Late in 1417 a band of 'Secani' or Tsigans, 300 in number, besides children and infants, arrived in Germany 'from Eastern parts' or 'from Tartary.' Their presence is first recorded at Luneburg; and thence they passed on to Hamburg, Lübeck, Wismar, Rostock, Stralsund, and Greifswald, At their head rode a duke and a count, richly dressed, with silver belts, and leading like nobles dogs of chase; next came a motley crew afoot; and women and children brought up the rear in waggons. They bore letters of safe-conduct from princes, one of which from the Emperor Sigismund they had probably procured that same year at Lindau on Lake Constance; and they gave out that they were on a seven years' pilgrimage, imposed by their own bishops as a penance for apostasy from the Christian faith. They encamped in the fields by night outside the city walls, and were great thieves, especially the women, 'wherefore several were taken and slain.' In 1418 they are heard of at Leipzig, at Frankfort-on-Main, and in Switzerland at Zurich, Basel, Berne, and Soleure: the contemporary Swiss chronicler, Conrad Justinger, speaks of them as 'more than two hundred baptized Heathens from Egypt, pitiful, black, miserable, and unbearable on account of their thefts, for they stole all they could.' At Augsburg they passed for exiles from 'Lesser Egypt'; at Macon in August 1419 they practised palmistry and necromancy; and at Sisteron in Provence as 'Saracens' they got large rations from the terrified townsfolk. In 1420 Lord Andreas, Duke of Little Egypt, and a hundred men, women, and children, came to Deventer in the Low Countries; and the aldermen had to pay 19 florins 10 placks for their bread, beer, herrings, and straw, as well as for cleaning out the barn in which they lay. At Tournay in 1421 'Sir Miquiel, Prince of Latinghem in Egypt,' received twelve gold pieces, with bread and a barrel of beer.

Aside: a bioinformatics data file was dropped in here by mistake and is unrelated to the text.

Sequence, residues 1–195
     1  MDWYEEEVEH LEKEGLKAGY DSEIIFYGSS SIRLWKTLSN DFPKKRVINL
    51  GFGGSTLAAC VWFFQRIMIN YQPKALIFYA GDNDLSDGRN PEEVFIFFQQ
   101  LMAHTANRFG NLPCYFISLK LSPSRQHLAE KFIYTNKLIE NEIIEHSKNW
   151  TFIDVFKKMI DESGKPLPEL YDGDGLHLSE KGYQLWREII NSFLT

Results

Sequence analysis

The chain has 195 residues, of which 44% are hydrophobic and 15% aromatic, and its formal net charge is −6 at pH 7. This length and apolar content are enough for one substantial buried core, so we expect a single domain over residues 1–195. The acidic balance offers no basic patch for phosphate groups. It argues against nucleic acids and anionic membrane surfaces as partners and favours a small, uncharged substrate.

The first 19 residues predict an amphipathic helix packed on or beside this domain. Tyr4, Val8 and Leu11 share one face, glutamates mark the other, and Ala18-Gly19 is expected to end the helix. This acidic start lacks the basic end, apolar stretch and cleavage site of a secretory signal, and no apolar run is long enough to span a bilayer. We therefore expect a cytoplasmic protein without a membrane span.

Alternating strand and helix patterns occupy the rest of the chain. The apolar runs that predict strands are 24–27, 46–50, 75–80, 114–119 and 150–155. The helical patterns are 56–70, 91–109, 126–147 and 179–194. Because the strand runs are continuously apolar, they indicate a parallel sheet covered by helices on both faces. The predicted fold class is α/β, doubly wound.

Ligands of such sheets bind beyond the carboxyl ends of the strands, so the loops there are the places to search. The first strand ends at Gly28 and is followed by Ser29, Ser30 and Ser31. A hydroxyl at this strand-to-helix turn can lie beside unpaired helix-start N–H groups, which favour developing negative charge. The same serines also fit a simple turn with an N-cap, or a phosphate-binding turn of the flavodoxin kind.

Next the Chronica di Bologna tells how 'the 18th of July 1422 a duke of Egypt, Duke Andrew, arrived at Bologna, with women, children, and men from his own country. There might be a hundred. This duke having denied the Christian faith, the King of Hungary [the Emperor Sigismund] had taken possession of his lands and person. Then he told the King that he wished to return to Christianity, and he had been baptized with about four thousand men; those who refused baptism were put to death. After the King of Hungary had thus taken and rebaptized them, he commanded them to travel about the world for seven years, to go to Rome to see the pope, and then to return to their own country. When they arrived at Bologna, they had been journeying for five years, and more than half of them were dead. They had a mandate from the King of Hungary, the Emperor, permitting them during these seven years to thieve, wherever they might go, without being amenable to justice.
When they arrived at Bologna, they lodged themselves inside and outside the Gate of Galiera, and settled themselves under the porticoes, except the duke, who lodged at the King's Inn (Albergo del Re). They remained a fortnight at Bologna. During this time many people went to see them, on account of the duke's wife, who, it was said, could foretell what would happen to a person during his lifetime, as well as what was interesting in the present, how many children would be born, and other things. Concerning all which she told truly.